League, a manly, simple, patriotic do- r
cunent, whereof we gave a synopsis
in our edition of yesterday. If it con- 11
tains one proposition on which every a
honest, well-meaning citizen of Louis- a
iana cannot unite, we are unable to t
discover it ; if there is one principle d
in all its coghmassh which militates 1;
agaiinst truth, reason or our common v
advancement and prosperity, we can- d
not point it out. c
We submit the platform of the Cres- c
cent City White League, believing c
that it can and will be made the plat- a
forn of the white race in Louisiana : c
The Crescent City Democratic Club r
of 1868, having changed its name to a
that of "Crescent City White League," r
has thought that an explanation was t
due alike to its retired members m
and to the peoplb of New Orleans-ef a
the motives of a change so seriously t
and so sadly suggestive: a
It may be stated that the elements I
of personal character and of general a
purpose in the club have undergone
no change since its origin. Our mem- t
bers, with but few losses or accessions, I
are the same as for many years past, ,
and we feel ourselves animated as I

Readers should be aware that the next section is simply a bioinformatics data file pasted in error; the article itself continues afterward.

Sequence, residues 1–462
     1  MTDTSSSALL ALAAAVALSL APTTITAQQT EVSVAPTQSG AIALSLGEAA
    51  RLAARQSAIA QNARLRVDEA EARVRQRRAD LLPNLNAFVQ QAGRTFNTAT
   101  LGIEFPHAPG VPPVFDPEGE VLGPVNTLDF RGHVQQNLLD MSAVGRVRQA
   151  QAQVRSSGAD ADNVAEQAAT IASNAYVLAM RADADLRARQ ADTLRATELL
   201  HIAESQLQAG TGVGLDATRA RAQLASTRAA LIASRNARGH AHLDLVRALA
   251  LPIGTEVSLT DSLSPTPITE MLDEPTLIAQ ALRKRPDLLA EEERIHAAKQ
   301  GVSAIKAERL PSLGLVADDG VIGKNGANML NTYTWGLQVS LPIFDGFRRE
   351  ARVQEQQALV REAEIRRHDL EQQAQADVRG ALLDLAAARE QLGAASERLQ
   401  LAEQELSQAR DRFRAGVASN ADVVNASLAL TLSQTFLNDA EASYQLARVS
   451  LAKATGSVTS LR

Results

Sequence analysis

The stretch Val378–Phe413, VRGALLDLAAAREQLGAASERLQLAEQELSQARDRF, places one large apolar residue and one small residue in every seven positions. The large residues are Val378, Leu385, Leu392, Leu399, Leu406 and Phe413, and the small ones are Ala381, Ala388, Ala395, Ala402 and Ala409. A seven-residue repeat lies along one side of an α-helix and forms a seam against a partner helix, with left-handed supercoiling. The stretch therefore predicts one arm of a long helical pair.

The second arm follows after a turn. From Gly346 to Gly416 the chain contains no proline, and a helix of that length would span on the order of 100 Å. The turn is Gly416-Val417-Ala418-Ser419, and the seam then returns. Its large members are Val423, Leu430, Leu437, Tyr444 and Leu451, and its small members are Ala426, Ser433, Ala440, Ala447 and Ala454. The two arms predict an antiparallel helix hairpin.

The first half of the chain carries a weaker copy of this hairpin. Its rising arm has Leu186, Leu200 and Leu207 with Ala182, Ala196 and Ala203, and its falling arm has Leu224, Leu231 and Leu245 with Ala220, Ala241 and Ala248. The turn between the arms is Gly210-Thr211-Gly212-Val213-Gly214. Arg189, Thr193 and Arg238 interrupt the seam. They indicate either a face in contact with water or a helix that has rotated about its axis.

ever by the same earnest determina
tion to strive in the task of practical
politics to establish and maintain
such government in the State and
city as shall guard the liberties of the
citizen, his business and the accumu
lations of his industry.
Our fellow-citizens will permit us
to recall with a just pride our stren- I
uous and persistent efforts in this be. i
half, though they have again and
again1 been ;prostrated by the fatal i
intrusion of a high hand whose vio.
lence was stronger than our rights.
All our struggles had been hitherto
conducted under the ancient banner
r of Democracy, to which we shall ever
look for guidance in all national con
tests. But we are now fast drifting
to a conflict bounded by the limits of
the State, and which the men of Louis
iana alone must settle, if justice and
fair play shall rule and not Federal
B violence. It is a conflict not invol
' iing a single issue upon which an
honest Republican can possibly dif
fer as such from an honest Democrat,
a conflict the decision of which we
would confidently and gladly remit to
the votes of the very Radicals of New
England, nay to any body of civilized
men in the world; for it is a conflict
between virtue and depravity--be
tween enlightenment and thick ig
norance, between civilization and bar
bariam--a barbarism artificially stim
ulated and held up by the perverted
authority of the most civilized nation
in the world; a civilization whose cry